“Governments want to send a message that this sort of thing is not going to be tolerated, and that applies to far-right groups as well. I think it’s about time.”

Lee Berthiaume, The Canadian Press


Like us on Facebook and follow us on Twitter.

Want to support local journalism during the pandemic? Make a donation here.

Domestic TerrorismDonald TrumpUSA

Get local stories you won't find anywhere else right to your inbox.
Sign up here

Just Posted

An Island Health graph showing COVID-19 cases in the central Island by local health area between Dec. 27 and Jan. 23. (Island Health image)
Central Island’s COVID-19 case spike shifting, says Island Health

Cowichan Valley has seen the highest number of cases, but Nanaimo and south Island seeing upticks

Extensive water on No. 4 and 5 at the Mount Brenton Golf Course following heavy rains earlier this month. (Photo submitted)
Mount Brenton Golf Course does a booming business in 2020

A total of 15,000 more rounds played than the previous year

The memorial site for double-murder victims Nellie Williams and Fran Shurie, located in Charles Hoey Park, will be allowed to stay for another two months after the City of Duncan changed its policy on temporary memorials. (Robert Barron/Citizen)
Duncan allows temporary memorials to stay longer

Policy change related to memorial for double-homicide victims in city park

Snow is sticking to the ground on Malahat Drive at Shawnigan Lake Road. (Drive BC)
Snowfall warning issued for Malahat

10 centimetres of snow expected between Goldstream and Mill Bay

The North Cowichan/Duncan RCMP have arrested a prolific offender who is now facing more than 40 charges. (Black Press file photo)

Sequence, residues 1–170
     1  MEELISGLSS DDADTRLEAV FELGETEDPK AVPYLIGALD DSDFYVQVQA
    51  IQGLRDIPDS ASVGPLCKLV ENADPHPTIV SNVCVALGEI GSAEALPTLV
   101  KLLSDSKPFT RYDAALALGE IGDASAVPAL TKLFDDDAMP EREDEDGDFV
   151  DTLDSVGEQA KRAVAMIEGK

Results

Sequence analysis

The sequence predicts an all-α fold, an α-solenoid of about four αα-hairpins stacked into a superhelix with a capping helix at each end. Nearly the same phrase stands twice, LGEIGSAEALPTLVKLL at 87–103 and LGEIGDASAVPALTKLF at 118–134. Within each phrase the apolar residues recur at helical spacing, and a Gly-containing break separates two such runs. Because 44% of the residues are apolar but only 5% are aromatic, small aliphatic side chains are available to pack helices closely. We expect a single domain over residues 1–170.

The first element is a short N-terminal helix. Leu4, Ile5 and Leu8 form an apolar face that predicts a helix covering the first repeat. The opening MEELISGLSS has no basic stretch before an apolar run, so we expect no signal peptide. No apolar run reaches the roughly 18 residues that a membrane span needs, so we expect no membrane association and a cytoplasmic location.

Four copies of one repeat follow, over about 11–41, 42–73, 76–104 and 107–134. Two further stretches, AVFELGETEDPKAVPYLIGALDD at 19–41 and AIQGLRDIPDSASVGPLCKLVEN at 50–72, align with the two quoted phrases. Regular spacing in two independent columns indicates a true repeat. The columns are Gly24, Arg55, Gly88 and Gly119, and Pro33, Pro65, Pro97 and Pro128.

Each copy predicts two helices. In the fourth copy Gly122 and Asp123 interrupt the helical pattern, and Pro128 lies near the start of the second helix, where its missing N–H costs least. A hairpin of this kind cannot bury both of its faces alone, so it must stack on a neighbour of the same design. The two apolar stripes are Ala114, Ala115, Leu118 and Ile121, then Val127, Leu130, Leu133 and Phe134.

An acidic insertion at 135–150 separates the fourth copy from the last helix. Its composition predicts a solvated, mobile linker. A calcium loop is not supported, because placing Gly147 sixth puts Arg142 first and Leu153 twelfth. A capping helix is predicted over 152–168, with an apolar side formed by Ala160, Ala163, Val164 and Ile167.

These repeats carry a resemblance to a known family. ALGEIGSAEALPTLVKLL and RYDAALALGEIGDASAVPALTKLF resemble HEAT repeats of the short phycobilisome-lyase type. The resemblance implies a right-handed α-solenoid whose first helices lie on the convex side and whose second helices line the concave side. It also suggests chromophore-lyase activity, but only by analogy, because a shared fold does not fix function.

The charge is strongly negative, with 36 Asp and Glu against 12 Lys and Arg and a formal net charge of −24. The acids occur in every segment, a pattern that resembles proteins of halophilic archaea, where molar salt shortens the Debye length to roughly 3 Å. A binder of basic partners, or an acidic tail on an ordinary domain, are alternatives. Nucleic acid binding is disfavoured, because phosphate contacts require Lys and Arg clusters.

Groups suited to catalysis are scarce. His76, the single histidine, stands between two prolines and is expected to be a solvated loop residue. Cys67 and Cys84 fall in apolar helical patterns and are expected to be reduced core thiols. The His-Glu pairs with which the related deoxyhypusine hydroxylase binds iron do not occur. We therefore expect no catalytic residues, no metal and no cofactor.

‘Priority offender’ arrested in Cowichan Valley faces more than 40 charges

Tyler Elrix, 37, had a history of evading police; was ordered not to be in Vancouver Island

(Twitter/Ateachersaurus)
The Pachena Bay shoreline in 2013. (Twitter/Ateachersaurus)
This week in history: 9.0 magnitude quake struck under what is now called Vancouver Island

According to First Nations elders, the 9.0-magnitude quake in 1700 CE kick-started a tsunami

B.C. Premier John Horgan speaks at B.C. legislature on the province’s mass vaccination plan for COVID-19, Jan. 22, 2021. (B.C. government)
COVID-19 quarantine not an option for B.C., John Horgan says

Apres-ski parties increase risk, not interprovincial travel

Worker at Swartz Bay terminal on Monday, January 20, 2020. (THE CANADIAN PRESS/Chad Hipolito)
Former BC Ferries employee alleges he was fired because of his race

Imraan Goondiwala has been granted a BC Human Rights Tribunal hearing

Rodney and Ekaterina Baker have been ticketed and charged under the Yukon’s Civil Emergency Measures Act for breaking isolation requirements in order to sneak into a vaccine clinic and receive Moderna vaccine doses in Beaver Creek. (Facebook/Submitted)
B.C. couple who travelled to Yukon for COVID vaccine ineligible for 2nd dose until summer

The province is ensuring those eligible to receive the vaccine get the second shot within 42 days

(File)
Mask dispute in court leaves Vancouver cop with broken leg

Man allegedly refused to put on a mask and resisted arrest

(Kraft Dinner/Twitter)
Kraft Dinner launches candy-flavoured mac and cheese just in time for Valentine’s Day

Sweet and cheesy treat will be here just in time for the cheesiest holiday of the year

SAR crews worked late into the night Tuesday to rescue an injured snowboarder in North Vancouver. (Facebook/North Shore Rescue)
Complicated, dangerous rescue saves man in avalanche near Cypress Mountain

North Shore SAR team braves considerable conditions to reach injured snowboarder

A Cessna 170 airplane similar to the one pictured above is reported to be missing off the waters between Victoria and Washington State. Twitter photo/USCG
UPDATE: No sign of small plane that went down in waters south of Vancouver Island

Searchers out on both sides of border between Victoria and Port Angeles

Most Read